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Student Perceptions of the Institutional Response to an Untimely COVID-Driven Semester Disruption

Bryan M. Dewsbury 1 and Zoe Mermin 2
1. University of Rhode Island, Kingston, RI 02881, USA
2. Princeton University, Princeton, NJ 08544, USA

Abstract—COVID19 caused institutions of higher education in the United States to rapidly shift from mostly Face-to-Face (F2F) to remote learning in the middle of Spring 2020. We deployed a survey to 91 students from six unique campuses inquiring about their perception of how the university handled the transition both in terms of the logistics and care for their person. The survey also asked about students’ concerns both during the transition process and for the future semesters. Our respondents indicated general disappointment with the ways in which the transition process was handled, and identified academic concerns and the severance of relationships as the key things they were concerned about for future semesters. Students’ responses suggest that social connection and sense of belonging are critical predictors that determine the degree to which they engage their respective institutions. Though our survey questions were focused on concerns related to the pandemic, the responses still serve as a timely reminder for institutions to greater consider the ways in which they may need to focus on the non-cognitive aspects of the higher education experience.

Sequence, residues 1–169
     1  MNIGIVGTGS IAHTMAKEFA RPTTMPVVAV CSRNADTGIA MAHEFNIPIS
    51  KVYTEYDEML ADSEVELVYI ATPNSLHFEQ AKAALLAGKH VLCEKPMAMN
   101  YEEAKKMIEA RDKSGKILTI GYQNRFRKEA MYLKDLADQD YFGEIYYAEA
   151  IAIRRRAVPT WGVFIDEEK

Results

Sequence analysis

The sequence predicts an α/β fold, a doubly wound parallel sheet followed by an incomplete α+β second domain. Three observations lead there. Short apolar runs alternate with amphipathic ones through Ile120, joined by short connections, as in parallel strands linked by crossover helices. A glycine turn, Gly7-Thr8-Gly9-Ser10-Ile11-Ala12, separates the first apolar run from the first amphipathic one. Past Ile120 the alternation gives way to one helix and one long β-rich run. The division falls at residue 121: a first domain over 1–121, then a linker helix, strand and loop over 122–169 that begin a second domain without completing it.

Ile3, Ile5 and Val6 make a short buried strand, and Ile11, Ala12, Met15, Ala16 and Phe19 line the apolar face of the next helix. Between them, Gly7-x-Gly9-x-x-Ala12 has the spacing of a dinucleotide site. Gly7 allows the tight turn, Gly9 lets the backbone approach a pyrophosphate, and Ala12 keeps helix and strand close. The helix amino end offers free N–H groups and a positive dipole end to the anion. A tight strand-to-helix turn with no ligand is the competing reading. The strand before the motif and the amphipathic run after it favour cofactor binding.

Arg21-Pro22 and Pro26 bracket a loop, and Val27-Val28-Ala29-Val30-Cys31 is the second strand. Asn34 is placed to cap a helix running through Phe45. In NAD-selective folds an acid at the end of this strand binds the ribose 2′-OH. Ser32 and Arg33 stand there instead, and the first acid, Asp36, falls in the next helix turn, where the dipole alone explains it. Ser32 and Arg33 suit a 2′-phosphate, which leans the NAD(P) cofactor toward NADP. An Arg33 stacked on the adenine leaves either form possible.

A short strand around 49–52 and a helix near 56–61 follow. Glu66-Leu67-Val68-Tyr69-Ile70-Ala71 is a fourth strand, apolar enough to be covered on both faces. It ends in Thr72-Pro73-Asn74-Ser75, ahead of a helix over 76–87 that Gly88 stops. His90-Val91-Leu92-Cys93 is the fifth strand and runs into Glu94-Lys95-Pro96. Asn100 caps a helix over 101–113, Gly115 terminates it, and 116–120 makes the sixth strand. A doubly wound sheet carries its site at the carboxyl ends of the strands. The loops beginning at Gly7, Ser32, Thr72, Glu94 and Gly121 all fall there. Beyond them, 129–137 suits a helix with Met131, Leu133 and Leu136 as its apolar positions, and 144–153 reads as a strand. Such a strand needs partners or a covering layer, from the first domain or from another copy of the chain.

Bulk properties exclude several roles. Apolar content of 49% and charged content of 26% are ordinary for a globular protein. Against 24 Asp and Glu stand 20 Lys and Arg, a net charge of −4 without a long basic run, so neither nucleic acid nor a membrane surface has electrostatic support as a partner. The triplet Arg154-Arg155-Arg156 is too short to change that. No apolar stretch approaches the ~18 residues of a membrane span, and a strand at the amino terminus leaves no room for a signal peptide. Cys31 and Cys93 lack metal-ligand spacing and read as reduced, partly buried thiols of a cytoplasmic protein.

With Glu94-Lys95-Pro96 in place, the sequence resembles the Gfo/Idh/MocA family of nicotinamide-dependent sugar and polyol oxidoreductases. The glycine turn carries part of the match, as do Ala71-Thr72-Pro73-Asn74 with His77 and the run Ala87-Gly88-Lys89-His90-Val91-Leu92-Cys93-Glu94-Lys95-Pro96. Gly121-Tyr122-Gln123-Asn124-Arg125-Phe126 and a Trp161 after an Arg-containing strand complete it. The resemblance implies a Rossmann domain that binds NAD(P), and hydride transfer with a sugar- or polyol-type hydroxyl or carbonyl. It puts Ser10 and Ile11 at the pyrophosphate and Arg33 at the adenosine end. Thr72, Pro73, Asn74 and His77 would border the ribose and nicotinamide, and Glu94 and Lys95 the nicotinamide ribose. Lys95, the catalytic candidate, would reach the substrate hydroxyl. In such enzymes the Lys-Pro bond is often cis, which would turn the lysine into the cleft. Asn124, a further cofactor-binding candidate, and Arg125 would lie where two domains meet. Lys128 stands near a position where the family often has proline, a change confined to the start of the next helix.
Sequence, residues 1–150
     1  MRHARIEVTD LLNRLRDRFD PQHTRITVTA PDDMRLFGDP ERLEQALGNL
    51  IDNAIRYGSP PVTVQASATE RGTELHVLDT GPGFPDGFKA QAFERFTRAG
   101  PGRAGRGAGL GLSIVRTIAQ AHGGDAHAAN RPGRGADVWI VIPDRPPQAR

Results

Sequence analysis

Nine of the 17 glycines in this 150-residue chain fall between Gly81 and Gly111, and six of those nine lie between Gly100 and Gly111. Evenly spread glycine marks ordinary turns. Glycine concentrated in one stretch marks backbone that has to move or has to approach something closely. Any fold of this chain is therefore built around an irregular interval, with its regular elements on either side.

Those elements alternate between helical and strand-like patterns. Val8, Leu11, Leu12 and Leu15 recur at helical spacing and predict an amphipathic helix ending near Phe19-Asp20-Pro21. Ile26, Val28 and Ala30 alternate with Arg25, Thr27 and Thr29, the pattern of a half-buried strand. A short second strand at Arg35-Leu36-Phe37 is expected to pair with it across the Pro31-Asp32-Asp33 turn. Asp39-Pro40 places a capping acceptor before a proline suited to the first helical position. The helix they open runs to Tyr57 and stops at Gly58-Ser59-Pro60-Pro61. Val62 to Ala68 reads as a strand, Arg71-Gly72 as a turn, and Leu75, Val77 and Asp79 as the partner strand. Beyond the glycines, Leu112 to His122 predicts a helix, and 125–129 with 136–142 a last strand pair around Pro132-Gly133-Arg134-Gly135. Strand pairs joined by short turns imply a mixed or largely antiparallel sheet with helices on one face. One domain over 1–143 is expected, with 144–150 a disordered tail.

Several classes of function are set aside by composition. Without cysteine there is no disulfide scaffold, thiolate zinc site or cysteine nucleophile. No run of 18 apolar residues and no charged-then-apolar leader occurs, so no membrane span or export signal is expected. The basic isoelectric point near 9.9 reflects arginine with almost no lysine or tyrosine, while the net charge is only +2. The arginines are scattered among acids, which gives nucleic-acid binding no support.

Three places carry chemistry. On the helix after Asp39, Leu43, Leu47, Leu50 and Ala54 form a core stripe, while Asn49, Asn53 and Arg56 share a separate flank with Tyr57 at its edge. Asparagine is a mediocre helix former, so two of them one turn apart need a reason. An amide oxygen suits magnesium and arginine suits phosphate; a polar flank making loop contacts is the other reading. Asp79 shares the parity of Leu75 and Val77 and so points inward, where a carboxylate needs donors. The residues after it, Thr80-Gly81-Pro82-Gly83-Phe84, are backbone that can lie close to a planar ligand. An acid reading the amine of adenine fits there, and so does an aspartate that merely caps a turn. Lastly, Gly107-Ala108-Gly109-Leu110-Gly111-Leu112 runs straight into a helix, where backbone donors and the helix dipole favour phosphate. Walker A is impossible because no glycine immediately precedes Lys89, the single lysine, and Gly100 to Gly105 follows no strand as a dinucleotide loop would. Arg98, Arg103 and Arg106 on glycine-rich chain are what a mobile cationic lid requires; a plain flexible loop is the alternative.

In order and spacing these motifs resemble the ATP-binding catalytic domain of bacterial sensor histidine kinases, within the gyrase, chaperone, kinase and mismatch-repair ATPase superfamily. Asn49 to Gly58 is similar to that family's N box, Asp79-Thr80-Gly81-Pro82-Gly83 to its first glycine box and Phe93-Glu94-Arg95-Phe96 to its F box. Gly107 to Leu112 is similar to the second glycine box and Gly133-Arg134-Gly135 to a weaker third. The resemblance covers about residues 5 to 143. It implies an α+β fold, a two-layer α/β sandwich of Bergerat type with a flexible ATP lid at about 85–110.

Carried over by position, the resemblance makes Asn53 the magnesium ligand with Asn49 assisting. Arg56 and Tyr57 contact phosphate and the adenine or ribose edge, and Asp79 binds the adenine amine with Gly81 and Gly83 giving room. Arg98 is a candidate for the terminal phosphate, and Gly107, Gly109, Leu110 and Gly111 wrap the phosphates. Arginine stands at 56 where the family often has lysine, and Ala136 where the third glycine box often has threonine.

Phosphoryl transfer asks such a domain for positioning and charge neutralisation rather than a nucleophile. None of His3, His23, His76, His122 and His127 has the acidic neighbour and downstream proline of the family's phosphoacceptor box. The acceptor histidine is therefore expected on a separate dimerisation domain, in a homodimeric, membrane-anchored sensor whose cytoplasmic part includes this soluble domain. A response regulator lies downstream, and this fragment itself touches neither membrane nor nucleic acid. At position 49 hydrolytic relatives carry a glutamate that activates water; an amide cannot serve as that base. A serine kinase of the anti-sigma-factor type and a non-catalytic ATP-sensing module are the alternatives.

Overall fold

Index Terms—COVID19, social connection, higher education, F2F, remote learning

Cite: Bryan M. Dewsbury and Zoe Mermin, "Student Perceptions of the Institutional Response to an Untimely COVID-Driven Semester Disruption," International Journal of Learning and Teaching, Vol. 7, No. 2, pp. 166-174, June 2021. doi: 10.18178/ijlt.7.2.166-174

Copyright © 2021 by the authors. This is an open access article distributed under the Creative Commons Attribution License (CC BY-NC-ND 4.0), which permits use, distribution and reproduction in any medium, provided that the article is properly cited, the use is non-commercial and no modifications or adaptations are made.